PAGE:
Job Journey: What to do between interviews

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Job Journey: What to do between interviews
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About the Author

Laura Machan

Laura Machan

Laura Machan is a Partner, Recruitment Solutions for a major human resources consulting firm based in Toronto, Ontario. Although she has been recruiting for quite a few years, she still gets a big thrill from calling someone to set up an interview and an even bigger thrill when she hears a happy dance as she tells them when their new job starts. Laura lives with her family in Oakville, where she has lived for over 25 years, and is a significant contributor to the Canadian Federation of University Women - Oakville and Women in Nuclear, Golden Horseshoe Chapter.

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Most hiring decisions take a multitude of interviews. In fact, it’s not uncommon for there to be three or four interviews. Then there are the references, background checks and the offer discussions. All in all, a process that takes weeks and sometimes, months.

It’s a pretty stressful time. You lie in bed at night wondering what’s happening. When you have a bad day at work, you toy with the idea of quitting because you feel like that new job is just around the corner. Or you worry about taking on a new project because you might not be there to see it through.

Ignore all of these temptations. You don’t have the job until you sign an offer and until then, it should be business as usual. Keep doing your thing and making people happy.

Interviews are stressful and can be distracting, but it is important to stay focused on your day job. When you leave, you want it to be on your terms. You don’t want to have problems putting together references because you suddenly became a “performance problem”.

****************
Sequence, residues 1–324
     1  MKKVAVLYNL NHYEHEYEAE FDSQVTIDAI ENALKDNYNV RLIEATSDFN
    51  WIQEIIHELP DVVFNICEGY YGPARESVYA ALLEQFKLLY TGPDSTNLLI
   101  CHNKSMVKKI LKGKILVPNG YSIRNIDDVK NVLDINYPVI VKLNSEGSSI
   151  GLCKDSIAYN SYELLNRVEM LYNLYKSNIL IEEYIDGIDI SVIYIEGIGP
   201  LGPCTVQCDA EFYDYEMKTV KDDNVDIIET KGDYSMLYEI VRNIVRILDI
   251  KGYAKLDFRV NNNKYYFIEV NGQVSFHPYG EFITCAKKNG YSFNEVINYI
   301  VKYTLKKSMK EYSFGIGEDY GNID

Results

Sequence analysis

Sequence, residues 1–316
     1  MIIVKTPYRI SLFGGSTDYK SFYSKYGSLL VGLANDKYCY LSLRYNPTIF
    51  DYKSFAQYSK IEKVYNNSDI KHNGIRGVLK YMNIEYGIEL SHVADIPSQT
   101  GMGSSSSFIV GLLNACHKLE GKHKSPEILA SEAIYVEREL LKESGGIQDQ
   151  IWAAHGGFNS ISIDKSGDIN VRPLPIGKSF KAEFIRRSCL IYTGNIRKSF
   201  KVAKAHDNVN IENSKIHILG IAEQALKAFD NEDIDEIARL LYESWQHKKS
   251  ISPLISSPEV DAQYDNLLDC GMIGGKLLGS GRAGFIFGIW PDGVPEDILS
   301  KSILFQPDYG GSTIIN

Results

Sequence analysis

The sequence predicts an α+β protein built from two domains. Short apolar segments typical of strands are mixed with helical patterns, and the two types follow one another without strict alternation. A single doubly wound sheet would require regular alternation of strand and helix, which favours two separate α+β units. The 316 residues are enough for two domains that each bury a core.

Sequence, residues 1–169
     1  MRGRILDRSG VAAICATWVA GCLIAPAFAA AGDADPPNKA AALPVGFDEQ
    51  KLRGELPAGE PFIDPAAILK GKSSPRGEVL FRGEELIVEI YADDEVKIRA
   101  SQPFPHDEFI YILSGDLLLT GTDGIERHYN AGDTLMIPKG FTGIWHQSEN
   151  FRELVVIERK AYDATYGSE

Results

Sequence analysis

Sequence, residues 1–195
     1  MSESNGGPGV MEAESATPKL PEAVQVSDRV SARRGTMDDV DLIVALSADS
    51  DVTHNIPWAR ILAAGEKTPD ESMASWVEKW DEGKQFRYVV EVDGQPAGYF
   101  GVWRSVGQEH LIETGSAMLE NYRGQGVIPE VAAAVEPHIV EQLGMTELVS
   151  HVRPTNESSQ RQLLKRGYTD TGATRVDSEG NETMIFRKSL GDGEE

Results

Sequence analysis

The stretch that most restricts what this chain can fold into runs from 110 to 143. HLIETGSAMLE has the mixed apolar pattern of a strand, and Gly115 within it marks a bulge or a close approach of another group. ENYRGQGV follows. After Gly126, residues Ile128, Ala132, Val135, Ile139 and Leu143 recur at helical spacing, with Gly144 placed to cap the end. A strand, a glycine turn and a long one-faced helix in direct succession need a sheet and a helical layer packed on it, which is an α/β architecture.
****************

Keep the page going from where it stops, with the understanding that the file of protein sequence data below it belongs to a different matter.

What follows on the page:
The other thing is to be careful about who you tell. Most of us have one or two friendlies at work. It can be okay to confide in them, but only if you can really trust that they won’t share it with anyone else. And if you choose to share what’s happening with them, don’t do it in the office. Go out for coffee, meet after work or go for a walk. It’s too awkward to have that kind of discussion in and amongst your boss and team. People make assumptions and then gossip about those assumptions. Imagine if you hear from someone in another work group that you were not considered for the new project because they heard you were leaving.

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Your partner and your outside-work friends are the best people to share your progress and help you decide what to wear. Your mentors are excellent for this too. They can give you more context, help you lay out the strategy for the next steps or just help you de-stress.

Be patient and try having some warm milk before bed.

Follow Laura Machan on twitter. She is a regular Oakville News contributor.

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